This website is made possible by generous donations from users just like you. $18 helps keep JWA online for one day. Please consider making a gift to JWA today!
Close [x]

You are here

Share Share Share Share Share Share Share

Education

Mildred Elizabeth Levine Albert

“M.A.” and “The Mighty Atom,” as Mildred Albert was called, charmed the fashion world as an international fashion consultant, lecturer, columnist, and radio and television personality.

Stella Adler

At Stella Adler’s death in 1992, Robert Brustein wrote in The New Republic, “Stella Adler’s death … represents a major loss in the pantheon of theater greats. Through the strength of her convictions, the integrity of her character, and the brilliance of her mind, Adler embodied the art of the dramatic profession and remained an influential figure throughout a career that spanned most of the century.”

Helen Goldmark Adler

Helen Adler helped her husband establish the first model tenements at Cherry Street as well as the first free kindergarten in America, called the Working Man’s School, and later the Ethical Culture School at Fieldston. She took an active part in the visiting nurses’ service for the poor at the DeMilt Dispensary, the oldest clinic in the city, which Felix had initiated in 1877. With the assistance of a Dr. Koplik, she helped cut the infant death rate by having milk bottled safely at the Laboratory Department for Modified Milk for Tenement Babies, which Koplik and Adler founded in 1891.

Nima Adlerblum

Nima Adlerblum was a writer, educator, and early Zionist activist in New York, whose life began and ended in Jerusalem. She wrote widely on philosophy, education, Jewish philosophy, and American history, contributing to encyclopedias and scholarly journals.

Academia in Israel

Women faculty members in the higher education system in Israel share with their sisters in other Western developed countries characteristics regarding proportions, promotions, and positions. They constitute a small minority of the total tenure-track faculty, with somewhat larger minorities in the humanities and social sciences, and very small minorities in the physical sciences and engineering.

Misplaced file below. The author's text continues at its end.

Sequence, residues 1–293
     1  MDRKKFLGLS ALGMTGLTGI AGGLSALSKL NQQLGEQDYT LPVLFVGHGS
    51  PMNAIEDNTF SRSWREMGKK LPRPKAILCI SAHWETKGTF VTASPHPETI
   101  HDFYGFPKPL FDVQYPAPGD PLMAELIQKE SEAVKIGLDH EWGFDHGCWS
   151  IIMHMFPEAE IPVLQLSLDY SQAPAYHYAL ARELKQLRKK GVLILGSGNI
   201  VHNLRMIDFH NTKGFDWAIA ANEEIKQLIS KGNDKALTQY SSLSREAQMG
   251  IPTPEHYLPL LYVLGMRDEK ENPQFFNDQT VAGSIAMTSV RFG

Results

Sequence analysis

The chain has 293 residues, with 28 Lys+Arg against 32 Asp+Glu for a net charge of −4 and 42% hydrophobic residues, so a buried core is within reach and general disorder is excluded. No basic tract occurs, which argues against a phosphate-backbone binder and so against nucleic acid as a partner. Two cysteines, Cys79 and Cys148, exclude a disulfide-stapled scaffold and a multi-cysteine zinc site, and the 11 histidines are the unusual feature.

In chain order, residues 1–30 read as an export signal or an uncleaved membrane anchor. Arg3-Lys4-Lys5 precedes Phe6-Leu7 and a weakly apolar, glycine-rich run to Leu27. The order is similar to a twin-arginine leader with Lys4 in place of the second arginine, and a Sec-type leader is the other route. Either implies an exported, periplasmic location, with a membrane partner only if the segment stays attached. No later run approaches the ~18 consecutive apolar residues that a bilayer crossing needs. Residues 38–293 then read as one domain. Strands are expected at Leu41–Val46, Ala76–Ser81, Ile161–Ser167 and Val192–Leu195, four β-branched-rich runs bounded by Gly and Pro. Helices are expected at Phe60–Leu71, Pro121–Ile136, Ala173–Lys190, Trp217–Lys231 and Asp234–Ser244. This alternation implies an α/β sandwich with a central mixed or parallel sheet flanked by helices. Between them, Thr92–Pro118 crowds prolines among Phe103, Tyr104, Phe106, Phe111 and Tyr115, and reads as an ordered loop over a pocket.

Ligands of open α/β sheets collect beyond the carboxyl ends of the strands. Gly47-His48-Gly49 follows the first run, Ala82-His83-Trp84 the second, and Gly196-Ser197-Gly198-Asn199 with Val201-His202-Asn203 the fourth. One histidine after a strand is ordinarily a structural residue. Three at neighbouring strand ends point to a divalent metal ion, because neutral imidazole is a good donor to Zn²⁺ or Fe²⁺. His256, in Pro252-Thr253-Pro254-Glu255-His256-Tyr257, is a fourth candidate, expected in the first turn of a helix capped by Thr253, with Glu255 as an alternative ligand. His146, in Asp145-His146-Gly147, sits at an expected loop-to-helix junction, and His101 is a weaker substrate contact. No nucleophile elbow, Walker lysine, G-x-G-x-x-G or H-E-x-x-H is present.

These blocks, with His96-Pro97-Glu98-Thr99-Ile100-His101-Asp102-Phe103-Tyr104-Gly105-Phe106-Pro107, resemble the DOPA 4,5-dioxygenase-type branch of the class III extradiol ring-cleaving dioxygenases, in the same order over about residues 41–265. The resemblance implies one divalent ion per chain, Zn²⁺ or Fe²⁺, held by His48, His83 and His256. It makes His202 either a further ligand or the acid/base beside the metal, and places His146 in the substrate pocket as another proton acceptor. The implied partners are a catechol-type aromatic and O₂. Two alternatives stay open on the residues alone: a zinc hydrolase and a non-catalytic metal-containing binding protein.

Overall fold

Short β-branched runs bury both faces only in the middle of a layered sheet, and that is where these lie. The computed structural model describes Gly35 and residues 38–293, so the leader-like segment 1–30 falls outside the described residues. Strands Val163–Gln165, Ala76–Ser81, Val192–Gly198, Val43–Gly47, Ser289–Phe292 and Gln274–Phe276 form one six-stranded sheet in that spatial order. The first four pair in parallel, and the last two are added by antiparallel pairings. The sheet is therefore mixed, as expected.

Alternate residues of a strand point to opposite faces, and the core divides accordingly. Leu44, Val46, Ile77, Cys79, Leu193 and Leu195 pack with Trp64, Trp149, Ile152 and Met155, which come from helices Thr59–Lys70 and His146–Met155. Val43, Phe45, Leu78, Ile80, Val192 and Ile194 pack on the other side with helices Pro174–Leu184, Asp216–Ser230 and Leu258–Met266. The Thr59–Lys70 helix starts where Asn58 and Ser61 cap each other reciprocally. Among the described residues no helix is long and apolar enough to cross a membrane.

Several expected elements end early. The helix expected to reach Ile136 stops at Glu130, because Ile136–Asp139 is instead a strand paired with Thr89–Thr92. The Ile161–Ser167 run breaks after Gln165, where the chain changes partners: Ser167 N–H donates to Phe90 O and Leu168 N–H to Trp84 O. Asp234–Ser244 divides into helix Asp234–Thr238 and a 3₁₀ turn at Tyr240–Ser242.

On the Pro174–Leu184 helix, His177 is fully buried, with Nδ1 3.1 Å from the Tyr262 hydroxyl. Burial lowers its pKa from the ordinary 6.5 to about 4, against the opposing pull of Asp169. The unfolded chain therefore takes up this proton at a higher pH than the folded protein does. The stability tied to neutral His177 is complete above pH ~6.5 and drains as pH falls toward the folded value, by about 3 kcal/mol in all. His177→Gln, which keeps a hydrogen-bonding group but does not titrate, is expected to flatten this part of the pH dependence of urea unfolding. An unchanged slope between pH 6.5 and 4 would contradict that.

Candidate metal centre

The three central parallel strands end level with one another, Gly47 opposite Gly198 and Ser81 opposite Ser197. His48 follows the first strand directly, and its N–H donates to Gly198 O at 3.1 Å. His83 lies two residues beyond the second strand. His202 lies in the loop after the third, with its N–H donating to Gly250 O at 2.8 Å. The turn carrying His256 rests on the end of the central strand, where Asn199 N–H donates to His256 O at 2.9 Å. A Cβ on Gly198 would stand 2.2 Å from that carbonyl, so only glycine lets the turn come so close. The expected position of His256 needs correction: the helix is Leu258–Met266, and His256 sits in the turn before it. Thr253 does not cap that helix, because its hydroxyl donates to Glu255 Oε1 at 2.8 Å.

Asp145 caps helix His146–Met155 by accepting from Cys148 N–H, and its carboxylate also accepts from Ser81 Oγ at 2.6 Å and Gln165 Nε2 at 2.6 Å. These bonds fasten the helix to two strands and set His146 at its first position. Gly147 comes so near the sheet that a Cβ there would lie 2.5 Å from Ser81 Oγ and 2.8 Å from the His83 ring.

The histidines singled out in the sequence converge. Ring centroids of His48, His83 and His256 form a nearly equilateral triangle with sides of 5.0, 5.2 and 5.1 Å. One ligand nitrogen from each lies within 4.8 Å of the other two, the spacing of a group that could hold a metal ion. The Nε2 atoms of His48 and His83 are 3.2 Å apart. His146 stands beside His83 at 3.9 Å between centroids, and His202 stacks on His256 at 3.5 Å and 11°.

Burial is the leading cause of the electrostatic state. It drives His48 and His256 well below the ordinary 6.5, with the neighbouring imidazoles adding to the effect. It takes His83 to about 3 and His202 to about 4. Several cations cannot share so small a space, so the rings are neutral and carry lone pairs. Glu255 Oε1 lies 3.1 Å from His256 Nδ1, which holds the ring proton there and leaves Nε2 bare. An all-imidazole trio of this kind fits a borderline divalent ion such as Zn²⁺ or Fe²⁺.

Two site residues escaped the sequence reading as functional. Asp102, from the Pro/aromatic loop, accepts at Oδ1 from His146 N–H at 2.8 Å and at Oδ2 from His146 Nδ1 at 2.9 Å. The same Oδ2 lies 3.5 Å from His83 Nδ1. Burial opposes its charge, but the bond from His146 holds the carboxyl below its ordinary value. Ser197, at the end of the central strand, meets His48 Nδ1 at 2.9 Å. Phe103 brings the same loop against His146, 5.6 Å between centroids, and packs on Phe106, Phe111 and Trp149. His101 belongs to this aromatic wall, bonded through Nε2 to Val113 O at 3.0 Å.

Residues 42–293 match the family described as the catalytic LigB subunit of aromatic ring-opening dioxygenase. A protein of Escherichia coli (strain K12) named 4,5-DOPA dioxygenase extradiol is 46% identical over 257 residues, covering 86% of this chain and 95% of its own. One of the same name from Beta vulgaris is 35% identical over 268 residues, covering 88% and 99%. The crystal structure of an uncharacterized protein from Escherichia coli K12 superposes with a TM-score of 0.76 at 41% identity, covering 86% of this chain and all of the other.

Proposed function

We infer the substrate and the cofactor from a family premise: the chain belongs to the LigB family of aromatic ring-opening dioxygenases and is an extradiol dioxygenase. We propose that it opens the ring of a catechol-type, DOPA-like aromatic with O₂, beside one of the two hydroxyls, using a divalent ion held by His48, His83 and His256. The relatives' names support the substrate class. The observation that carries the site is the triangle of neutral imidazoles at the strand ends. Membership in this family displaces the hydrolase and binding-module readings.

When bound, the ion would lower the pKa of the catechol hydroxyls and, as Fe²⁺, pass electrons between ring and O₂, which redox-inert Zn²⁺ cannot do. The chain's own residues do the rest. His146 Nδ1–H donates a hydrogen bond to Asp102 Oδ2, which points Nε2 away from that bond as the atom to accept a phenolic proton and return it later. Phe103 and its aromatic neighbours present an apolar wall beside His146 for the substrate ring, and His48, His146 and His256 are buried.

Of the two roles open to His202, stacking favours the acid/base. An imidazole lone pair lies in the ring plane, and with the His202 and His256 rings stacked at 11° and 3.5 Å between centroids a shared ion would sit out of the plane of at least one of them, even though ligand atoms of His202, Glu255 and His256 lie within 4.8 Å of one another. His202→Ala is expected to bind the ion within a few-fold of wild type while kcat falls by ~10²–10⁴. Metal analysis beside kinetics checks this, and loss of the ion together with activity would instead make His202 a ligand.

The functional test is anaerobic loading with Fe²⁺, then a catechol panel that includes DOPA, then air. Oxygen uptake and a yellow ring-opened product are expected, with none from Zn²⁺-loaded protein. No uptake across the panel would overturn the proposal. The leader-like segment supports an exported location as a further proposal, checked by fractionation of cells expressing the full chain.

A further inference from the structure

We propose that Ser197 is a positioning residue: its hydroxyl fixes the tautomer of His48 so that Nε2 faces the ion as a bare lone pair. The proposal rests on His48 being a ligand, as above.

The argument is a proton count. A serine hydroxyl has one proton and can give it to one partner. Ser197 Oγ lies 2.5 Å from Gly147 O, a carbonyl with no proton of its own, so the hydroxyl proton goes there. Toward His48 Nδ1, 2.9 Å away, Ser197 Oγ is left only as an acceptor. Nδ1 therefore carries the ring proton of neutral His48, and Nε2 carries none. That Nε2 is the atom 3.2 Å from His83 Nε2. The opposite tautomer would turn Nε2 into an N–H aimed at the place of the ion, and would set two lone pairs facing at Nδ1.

Paula Ackerman

At the turn of the twentieth century, a young girl from Pensacola, Florida, named Paula Herskovitz dreamed of one day becoming a medical doctor. Believing that the medical profession was unsuitable for women, her father insisted that she abandon her dream. Yet decades later, she embarked upon a career he no doubt would have found equally unsuitable: she became a spiritual leader.

Rosalie Silberman Abella

Justice Rosalie Abella's life has been a series of “firsts”: She was Canada's first Jewish woman judge and the country’s youngest ever. She was the first woman chair of the Ontario Labour Relations Board and the first woman in the British Commonwealth to become the head of a Law Reform Commission. In August 2004, she was appointed to the Supreme Court of Canada, becoming the first Jewish woman to sit on the Canadian Supreme Court bench.

Dina Abramowicz

Renowned for her remarkable skills as a reference librarian, Dina Abramowicz built an impressive library collection at the YIVO Institute for Jewish Research, where she worked since 1947. Her scholarship and expertise, praised by readers and writers alike, were celebrated by both library and cultural achievement awards.

Molly Picon: A Celebrity for the Ages

Years ago, when I was working on my undergraduate thesis on Yiddish film, I attempted conversation about the subject at cocktail parties (well, at that point they weren’t yet cocktail parties, but there were definitely M&Ms) –

“Yiddish? Film? What? Like Yentl?”

No. Not like Yentl. They’re in Yiddish! And most of them were originally Yiddish theater productions. Molly Picon? ... No?... Nobody?... Nevermind. Is it hot in here? Pass the M&Ms.

Women Strike for Peace, and more

Given the contemporary scene, I've been thinking about war and peace, about protest and politics, about what motivates people to get involved and what makes them feel they can make a difference.

Pages

How to cite this page

Jewish Women's Archive. "Education." (Viewed on December 13, 2017) <https://jwa.org/topics/education>.

Donate

Help us elevate the voices of Jewish women.

donate now

The JWA Podcast

listen now

Sign Up for JWA eNews

 

Discover Education Programs

Join our growing community of educators.

view programs